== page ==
Everything appeared tidy, organized,
each item in its proper place,
but when I took a closer look at
a lamp, a painting, or even a coffee table book,
there was a thin coating of dust
you could pick up on your fingers.
Searching the house, I found in a hall closet
a vacuum cleaner, buckets, mops, and brooms,
cleaning supplies in a cabinet beneath the kitchen sink,
so while he’d apparently wanted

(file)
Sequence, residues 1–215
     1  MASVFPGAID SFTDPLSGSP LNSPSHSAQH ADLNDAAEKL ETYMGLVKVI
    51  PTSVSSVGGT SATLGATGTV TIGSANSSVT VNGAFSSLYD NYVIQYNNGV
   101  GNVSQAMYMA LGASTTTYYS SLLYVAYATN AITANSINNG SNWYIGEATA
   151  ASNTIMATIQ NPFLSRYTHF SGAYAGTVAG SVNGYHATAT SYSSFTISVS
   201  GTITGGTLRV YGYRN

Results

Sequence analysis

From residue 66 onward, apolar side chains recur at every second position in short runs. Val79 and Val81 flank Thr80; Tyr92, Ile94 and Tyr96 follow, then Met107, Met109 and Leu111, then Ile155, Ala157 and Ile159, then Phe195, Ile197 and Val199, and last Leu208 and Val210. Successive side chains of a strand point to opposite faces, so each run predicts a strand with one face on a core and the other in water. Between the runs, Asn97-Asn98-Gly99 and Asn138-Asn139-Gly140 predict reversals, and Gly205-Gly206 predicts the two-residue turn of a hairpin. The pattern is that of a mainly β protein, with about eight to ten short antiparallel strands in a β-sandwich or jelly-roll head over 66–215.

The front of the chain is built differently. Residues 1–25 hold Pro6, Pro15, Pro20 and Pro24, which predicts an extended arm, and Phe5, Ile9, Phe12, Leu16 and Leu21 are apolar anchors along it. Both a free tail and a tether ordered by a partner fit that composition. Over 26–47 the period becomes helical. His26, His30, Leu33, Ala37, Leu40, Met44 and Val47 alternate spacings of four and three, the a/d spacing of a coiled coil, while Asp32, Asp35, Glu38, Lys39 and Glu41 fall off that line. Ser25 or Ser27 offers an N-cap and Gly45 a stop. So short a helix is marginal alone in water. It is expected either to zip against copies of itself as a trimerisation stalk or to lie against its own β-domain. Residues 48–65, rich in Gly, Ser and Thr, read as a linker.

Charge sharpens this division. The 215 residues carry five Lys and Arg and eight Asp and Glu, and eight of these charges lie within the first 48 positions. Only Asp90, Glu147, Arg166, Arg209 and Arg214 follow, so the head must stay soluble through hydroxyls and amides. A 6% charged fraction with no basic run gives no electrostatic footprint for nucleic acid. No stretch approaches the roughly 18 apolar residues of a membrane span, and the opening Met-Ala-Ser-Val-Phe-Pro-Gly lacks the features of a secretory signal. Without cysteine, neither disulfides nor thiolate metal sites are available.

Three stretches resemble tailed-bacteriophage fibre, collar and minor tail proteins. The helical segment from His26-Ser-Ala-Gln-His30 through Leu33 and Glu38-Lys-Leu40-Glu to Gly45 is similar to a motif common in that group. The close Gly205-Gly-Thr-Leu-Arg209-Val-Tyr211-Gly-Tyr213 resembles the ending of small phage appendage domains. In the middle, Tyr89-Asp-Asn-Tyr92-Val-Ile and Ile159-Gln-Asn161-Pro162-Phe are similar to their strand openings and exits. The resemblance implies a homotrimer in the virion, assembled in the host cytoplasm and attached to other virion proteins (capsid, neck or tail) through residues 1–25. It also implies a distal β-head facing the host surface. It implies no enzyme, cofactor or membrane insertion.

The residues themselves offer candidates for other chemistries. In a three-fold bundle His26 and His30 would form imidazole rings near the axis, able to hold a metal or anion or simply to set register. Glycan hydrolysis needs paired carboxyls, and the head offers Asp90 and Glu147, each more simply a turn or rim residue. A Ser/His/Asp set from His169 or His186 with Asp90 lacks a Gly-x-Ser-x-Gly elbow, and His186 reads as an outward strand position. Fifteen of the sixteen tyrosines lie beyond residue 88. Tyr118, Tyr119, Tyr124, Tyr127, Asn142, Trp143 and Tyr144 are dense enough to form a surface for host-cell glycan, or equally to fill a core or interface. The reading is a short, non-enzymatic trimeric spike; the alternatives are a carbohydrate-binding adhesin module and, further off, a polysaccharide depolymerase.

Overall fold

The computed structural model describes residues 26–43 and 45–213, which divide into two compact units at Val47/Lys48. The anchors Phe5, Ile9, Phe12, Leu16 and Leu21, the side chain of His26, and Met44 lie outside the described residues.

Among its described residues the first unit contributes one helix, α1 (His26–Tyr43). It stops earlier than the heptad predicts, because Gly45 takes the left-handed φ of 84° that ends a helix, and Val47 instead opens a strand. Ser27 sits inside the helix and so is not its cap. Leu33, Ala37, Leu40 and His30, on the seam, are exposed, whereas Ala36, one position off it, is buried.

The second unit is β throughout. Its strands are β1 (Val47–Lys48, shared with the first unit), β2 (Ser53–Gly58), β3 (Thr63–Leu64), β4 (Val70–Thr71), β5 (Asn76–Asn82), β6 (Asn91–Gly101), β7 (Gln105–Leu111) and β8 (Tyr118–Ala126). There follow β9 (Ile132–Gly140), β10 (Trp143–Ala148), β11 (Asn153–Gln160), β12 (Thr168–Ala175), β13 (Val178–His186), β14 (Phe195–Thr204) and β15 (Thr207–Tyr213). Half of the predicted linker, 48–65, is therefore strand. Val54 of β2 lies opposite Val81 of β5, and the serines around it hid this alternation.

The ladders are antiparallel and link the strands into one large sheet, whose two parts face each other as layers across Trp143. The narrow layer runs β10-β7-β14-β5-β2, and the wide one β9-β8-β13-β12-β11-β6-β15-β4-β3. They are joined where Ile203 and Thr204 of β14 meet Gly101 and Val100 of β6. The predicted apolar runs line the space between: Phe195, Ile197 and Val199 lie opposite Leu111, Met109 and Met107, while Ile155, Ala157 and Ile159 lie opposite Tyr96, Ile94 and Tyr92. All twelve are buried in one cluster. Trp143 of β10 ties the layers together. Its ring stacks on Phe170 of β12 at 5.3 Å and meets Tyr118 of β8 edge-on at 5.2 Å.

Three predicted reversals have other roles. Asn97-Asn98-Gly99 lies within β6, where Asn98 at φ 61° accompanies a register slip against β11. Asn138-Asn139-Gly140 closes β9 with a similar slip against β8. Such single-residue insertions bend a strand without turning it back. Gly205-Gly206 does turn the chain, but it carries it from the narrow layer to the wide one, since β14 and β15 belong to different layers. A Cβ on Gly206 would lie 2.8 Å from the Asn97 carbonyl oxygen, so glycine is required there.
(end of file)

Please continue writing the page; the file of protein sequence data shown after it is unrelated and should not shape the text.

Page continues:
the appearance of neatness, order, he’d not
been able to upkeep the other side of the coin,
the cleanliness that should accompany it.
I stood over the toilet, noticed that the bowl
needed scrubbing, and I touched the gritty tank lid surface,
leaving a smudged fingerprint in the grime
the image making me a little queasy,
realizing I stood in the middle of a house
that held pounds and pounds of filth covering
all its surfaces.
The doorbell rang, but he was too embarrassed to answer it.
He flushed the toilet after enough time had passed
for whoever it was to have given up and gone.
He didn’t want to admit to someone,
didn’t want anyone to know how he lived.